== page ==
Six F(1) Dorper (D) x Red Maasai (R) rams were mated to both D and R ewes to produce backcross lambs. These six double backcross resource families are being analysed to identify quantitative trait loci that may be controlling resistance to gastro-intestinal (GI) nematode parasites, mainly Haemonchus contortus. After assessing the phenotypic performance of the lambs following exposure to natural infections, the surviving lambs were drenched and moved indoors for an artificial challenge with H. contortus along with straightbred D and R lambs. A total of 1317 lambs were included in the analyses consisting of 523 3/4D, 580 3/4R, 87 D and 127 R. The D lambs were significantly and consistently heavier than R lambs and 3/4D were significantly heavier than the 3/4R lambs. The difference between the backcrosses was about half of that between the straightbreds. Resistance was assessed in terms of faecal egg counts (FEC) and total worm counts (TWC) at necropsy while packed cell volume (PCV) was used to assess resilience to weekly oral doses of 2500 infective larvae of H. contortus. No significant breed differences were observed for log transformed FEC (LFEC). A significant breed difference in PCV was recorded. The backcrosses had the higher values and while no differences were observed between the straightbreds, 3/4D had significantly higher PCV than the 3/4R. Despite the absence of breed differences in FEC the R and the 3/4R had significantly fewer worms than the D and the 3/4D. The D had significantly longer worms than the R and the 3/4D had significantly longer worms than the 3/4R. Worms recovered from D had more eggs than those recovered from R. Similarly worms from 3/4D contained more eggs than those from 3/4R. Thus, on a breed basis the breed with more worms had longer worms. In contrast, when, in a small part of the experiment two doses of larvae were used to check for any breed by dose interactions, worms from the low dose (and hence fewer worms) animals were longer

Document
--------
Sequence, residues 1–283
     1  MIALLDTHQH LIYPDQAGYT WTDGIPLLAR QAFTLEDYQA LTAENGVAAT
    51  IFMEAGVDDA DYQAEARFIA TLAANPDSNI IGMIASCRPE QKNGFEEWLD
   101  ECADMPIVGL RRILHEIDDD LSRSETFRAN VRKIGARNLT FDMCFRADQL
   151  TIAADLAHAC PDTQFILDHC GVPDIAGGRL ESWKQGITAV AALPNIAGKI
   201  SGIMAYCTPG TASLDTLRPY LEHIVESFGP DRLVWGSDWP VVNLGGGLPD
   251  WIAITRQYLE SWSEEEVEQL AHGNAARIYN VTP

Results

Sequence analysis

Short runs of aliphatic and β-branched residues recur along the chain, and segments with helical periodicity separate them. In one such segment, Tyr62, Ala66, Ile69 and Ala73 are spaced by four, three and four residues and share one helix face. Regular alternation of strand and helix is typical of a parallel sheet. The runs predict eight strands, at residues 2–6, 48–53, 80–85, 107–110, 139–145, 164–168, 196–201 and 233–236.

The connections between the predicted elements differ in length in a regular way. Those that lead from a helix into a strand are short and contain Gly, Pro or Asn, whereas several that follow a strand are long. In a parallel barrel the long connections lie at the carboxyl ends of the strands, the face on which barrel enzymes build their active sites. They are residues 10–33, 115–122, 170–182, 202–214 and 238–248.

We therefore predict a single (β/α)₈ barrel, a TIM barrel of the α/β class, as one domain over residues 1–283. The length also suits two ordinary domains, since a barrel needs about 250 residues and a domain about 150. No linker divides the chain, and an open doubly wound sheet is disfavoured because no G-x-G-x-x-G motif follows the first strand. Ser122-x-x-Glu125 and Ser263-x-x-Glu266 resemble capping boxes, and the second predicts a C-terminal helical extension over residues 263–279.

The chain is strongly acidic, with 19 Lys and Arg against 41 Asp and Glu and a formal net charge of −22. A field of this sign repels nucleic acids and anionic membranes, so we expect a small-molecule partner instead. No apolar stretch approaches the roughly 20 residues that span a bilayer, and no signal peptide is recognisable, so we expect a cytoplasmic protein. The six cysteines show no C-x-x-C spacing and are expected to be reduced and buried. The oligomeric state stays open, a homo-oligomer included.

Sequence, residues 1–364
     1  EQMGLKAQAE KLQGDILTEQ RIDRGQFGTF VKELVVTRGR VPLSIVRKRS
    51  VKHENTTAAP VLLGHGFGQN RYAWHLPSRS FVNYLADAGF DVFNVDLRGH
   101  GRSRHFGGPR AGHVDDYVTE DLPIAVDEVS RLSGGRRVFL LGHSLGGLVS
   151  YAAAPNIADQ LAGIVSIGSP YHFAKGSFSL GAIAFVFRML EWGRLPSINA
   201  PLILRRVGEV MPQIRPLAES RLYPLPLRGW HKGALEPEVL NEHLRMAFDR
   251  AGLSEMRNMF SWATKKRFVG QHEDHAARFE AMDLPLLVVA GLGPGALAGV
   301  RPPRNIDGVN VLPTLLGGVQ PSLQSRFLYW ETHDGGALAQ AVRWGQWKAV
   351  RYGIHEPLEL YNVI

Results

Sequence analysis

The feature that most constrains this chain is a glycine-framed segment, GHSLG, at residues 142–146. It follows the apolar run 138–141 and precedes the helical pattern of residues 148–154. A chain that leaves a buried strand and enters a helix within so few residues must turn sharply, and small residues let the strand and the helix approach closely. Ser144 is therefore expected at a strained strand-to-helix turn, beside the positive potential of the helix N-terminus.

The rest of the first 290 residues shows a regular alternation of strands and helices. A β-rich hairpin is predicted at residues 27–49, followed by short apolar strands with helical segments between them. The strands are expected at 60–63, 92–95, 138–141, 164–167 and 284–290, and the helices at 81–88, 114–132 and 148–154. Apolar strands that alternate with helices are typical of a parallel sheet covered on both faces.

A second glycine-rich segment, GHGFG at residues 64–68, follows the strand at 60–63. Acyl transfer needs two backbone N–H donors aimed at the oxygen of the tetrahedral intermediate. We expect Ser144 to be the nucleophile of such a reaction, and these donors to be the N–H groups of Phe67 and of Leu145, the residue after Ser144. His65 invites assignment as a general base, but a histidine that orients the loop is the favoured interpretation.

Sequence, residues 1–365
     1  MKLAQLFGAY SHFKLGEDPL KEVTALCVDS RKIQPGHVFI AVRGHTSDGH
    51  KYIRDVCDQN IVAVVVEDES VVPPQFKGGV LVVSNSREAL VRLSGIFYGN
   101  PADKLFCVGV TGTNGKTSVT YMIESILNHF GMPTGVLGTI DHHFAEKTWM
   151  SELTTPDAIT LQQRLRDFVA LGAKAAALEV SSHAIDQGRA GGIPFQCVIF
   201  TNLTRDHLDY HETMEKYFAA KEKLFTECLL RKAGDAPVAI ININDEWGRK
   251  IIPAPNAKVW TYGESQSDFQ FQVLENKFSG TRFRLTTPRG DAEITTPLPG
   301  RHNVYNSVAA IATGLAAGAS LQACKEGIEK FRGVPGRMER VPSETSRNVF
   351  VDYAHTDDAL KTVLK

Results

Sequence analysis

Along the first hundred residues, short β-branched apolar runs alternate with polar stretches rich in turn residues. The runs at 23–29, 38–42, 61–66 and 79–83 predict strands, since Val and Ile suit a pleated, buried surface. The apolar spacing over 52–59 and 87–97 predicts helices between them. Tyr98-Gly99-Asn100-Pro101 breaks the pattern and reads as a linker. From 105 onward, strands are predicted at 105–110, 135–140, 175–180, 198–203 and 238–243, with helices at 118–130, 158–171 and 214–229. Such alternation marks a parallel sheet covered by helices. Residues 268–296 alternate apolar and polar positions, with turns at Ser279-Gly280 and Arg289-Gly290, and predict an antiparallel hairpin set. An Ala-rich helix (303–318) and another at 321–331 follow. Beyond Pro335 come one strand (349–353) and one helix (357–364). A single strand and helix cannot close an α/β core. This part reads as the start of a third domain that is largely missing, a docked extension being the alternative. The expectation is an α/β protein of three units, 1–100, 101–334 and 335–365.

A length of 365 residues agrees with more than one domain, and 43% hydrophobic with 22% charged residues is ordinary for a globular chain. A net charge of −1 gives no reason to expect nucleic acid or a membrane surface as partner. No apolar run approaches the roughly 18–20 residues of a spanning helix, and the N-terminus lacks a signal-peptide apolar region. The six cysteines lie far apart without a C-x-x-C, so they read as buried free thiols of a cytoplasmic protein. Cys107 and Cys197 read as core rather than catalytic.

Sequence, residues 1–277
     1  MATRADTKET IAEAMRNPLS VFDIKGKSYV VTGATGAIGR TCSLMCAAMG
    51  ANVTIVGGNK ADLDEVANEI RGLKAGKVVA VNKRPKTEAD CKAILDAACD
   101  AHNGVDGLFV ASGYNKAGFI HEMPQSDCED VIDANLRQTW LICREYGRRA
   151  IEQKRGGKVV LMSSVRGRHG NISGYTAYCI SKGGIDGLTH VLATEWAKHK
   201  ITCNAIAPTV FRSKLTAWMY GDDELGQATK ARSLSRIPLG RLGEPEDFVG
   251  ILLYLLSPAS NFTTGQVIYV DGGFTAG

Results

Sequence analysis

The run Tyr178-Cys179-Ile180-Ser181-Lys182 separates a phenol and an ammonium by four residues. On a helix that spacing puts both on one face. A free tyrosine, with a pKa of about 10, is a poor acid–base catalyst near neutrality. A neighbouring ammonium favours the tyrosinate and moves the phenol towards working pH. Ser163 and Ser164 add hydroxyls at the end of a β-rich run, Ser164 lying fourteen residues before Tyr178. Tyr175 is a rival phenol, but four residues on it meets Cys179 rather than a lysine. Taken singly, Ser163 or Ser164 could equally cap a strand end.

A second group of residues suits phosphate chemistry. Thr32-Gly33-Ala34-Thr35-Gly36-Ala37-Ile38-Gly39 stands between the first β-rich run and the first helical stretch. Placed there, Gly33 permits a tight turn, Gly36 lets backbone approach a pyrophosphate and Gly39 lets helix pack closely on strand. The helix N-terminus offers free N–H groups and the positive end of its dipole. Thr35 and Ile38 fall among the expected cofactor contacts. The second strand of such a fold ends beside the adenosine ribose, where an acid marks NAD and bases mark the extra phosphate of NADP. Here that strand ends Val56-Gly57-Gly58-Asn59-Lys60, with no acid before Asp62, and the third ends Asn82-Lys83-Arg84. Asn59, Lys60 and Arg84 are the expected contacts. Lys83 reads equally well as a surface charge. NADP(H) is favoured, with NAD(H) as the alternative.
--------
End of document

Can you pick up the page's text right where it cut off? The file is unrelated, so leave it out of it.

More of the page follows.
10. In vitro and in vivo evaluation of the activity of pineapple (Ananas comosus) on Haemonchus contortus in Santa Inês sheep.